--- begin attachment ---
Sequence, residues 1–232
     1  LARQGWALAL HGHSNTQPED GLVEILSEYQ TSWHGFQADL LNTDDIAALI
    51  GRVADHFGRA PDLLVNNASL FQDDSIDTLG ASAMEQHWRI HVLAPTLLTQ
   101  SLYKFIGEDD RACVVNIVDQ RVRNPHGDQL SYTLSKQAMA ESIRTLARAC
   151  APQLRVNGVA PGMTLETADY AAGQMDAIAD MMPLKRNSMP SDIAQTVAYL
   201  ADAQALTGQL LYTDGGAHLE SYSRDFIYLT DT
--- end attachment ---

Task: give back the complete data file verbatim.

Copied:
Sequence, residues 1–232
     1  LARQGWALAL HGHSNTQPED GLVEILSEYQ TSWHGFQADL LNTDDIAALI
    51  GRVADHFGRA PDLLVNNASL FQDDSIDTLG ASAMEQHWRI HVLAPTLLTQ
   101  SLYKFIGEDD RACVVNIVDQ RVRNPHGDQL SYTLSKQAMA ESIRTLARAC
   151  APQLRVNGVA PGMTLETADY AAGQMDAIAD MMPLKRNSMP SDIAQTVAYL
   201  ADAQALTGQL LYTDGGAHLE SYSRDFIYLT DT